• Chia (Salvia hispanica): Chia seeds, known for their nutritional value, can be cultivated in pots or small garden spaces. They’re versatile and can be used in various dishes.
• Kiwicha (Amaranthus caudatus): Kiwicha, also known as amaranth, produces striking red or gold seed heads that can be grown decoratively in small gardens. The leaves are edible as well.
• Tomatoes (Solanum lycopersicum): Tomatoes can be grown in Ireland, especially in greenhouses or under cloches, to extend the growing season and protect the plants from cooler temperatures.
• Chili Peppers (Capsicum spp.): Many chili pepper varieties can be grown in pots or containers, particularly during the warmer months.
• Jerusalem Artichoke (Helianthus tuberosus): Jerusalem artichokes are hardy tubers that can thrive in UK and Irish gardens, producing knobby tubers with a nutty flavor.
• Corn (Zea mays): Sweetcorn varieties can be grown during the summer months, though they may not reach the same size as those grown in more favourable climates.
• Pumpkins and Winter Squash (Cucurbita spp.): Pumpkins and winter squash are suitable for UK and Irish gardens and can be used in soups, stews, and pies.
• Cranberries (Vaccinium macrocarpon): Cranberries can be grown in acidic, well-drained soil, and they are often used in jams.
• Blueberries (Vaccinium spp.): Blueberries thrive in acidic soil and can be grown in containers or raised beds. They are well-suited to temperate climates.
• Sunflowers (Helianthus annuus): Sunflowers can be grown in UK and Irish gardens for their seeds, which can be roasted and eaten or used for oil.
• Black Walnuts (Juglans nigra): While not originally from the Americas, black walnut trees can be grown here and produce delicious nuts.
• Chestnuts (Castanea spp.): Chestnut trees can be grown here and produce edible chestnuts, which are used in various dishes and roasted as a snack.
• Potatoes (Solanum tuberosum): Potatoes are well-suited to temperate climates and have been successfully grown in Ireland for generations. Consider various potato varieties for different culinary uses.
• Aji Amarillo (Capsicum baccatum): Aji Amarillo is a Peruvian chili pepper with a unique flavor, and it can be grown Ireland with proper care.
• Pineapple (Ananas comosus): Growing a pineapple to full maturity outdoors Ireland is challenging, but you can start a pineapple plant indoors and enjoy the process.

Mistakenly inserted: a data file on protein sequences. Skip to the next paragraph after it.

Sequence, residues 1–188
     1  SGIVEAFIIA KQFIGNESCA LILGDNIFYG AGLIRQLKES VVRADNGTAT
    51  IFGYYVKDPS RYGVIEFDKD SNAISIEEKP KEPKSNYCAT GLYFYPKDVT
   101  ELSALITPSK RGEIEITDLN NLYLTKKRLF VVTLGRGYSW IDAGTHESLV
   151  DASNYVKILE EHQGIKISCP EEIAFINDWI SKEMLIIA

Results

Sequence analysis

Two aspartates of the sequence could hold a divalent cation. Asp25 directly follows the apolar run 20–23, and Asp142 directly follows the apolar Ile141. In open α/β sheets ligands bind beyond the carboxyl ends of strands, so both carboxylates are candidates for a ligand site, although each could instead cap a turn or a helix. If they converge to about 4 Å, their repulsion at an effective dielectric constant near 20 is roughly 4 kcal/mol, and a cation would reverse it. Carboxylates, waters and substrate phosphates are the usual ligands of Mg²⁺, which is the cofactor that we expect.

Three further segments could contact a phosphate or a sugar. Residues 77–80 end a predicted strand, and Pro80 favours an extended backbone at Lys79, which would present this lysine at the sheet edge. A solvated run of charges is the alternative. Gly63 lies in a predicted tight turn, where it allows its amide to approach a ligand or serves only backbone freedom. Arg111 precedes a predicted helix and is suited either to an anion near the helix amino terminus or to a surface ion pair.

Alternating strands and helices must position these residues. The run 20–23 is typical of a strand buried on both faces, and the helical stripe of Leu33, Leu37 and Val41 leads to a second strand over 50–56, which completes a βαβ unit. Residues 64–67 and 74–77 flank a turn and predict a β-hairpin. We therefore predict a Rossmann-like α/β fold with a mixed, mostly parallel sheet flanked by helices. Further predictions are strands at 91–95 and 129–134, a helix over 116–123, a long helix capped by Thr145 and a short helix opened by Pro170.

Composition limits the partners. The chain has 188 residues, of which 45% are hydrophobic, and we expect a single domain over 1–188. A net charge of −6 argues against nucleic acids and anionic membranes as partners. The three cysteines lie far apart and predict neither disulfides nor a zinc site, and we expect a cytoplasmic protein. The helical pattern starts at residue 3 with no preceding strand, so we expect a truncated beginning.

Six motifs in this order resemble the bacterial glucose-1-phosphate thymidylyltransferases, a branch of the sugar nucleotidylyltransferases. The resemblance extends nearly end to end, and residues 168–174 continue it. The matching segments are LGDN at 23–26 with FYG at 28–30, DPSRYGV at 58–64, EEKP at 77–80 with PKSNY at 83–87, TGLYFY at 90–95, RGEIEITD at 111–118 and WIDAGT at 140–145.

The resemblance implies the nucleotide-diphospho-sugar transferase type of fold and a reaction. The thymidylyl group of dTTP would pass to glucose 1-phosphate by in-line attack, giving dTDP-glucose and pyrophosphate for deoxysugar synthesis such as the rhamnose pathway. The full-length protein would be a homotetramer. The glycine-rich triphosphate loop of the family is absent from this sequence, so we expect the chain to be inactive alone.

• Cassava (Manihot esculenta): Cassava can be grown in pots or containers and brought indoors during the colder months.
• Jicama (Pachyrhizus erosus): Jicama can be grown here as an annual, similar to growing turnips or radishes.
• Maize (Zea mays): Corn, or maize, can be grown here during the summer months. Look for shorter-season varieties to ensure successful cultivation.
• Beans (Phaseolus vulgaris): Common beans, such as kidney beans, black beans, and pinto bean. Bush bean varieties are a good choice for small spaces.
• Tomatillos (Physalis philadelphica): Tomatillos can be grown Ireland with protection or in greenhouses to extend the growing season.
• Chayote (Sechium edule): Chayote, a vine-like vegetable, can be grown in pots or as a climber in Ireland.
• Achiote (Bixa orellana): Achiote, also known as annatto, is a small shrub whose seeds are used as a spice. It can be grown in greenhouses or as a container plant.
• Zapote (Manilkara zapota): The sapodilla tree, also known as zapote, can be grown in containers in a greenhouse or as a houseplant.
• Jicama (Pachyrhizus erosus): Jicama can be grown here as an annual, like growing turnips or radishes.
• Avocado (Persea americana): While not a traditional crop Ireland, you can experiment with dwarf or cold-hardy avocado varieties in pots or greenhouses.
• Banana (Musa spp.): Cold-hardy banana varieties can be grown outdoors, or you can grow bananas in pots and bring them indoors during the winter.
• African Horned Cucumber (Cucumis metuliferus): Also known as kiwano or melon cucumber, this spiky fruit is not only visually striking but has a unique, mildly sweet flavour. It can be grown in a greenhouse or under cloches to provide protection from cooler temperatures.
• Okra (Abelmoschus esculentus): Okra is a heat-loving vegetable that can be grown during the warmer summer months. Choose early-maturing varieties to ensure a successful harvest.
• Sweet Potatoes (Ipomoea batatas): While not originally from Africa, sweet potatoes are a staple in many African cuisines. They can be grown successfully here, but they require a longer growing season, so consider starting them indoors before transplanting to your garden.
• Sorghum (Sorghum bicolor): Sorghum is a hardy grain. It’s drought-resistant and can be used for various culinary purposes, such as flour for bread or porridge.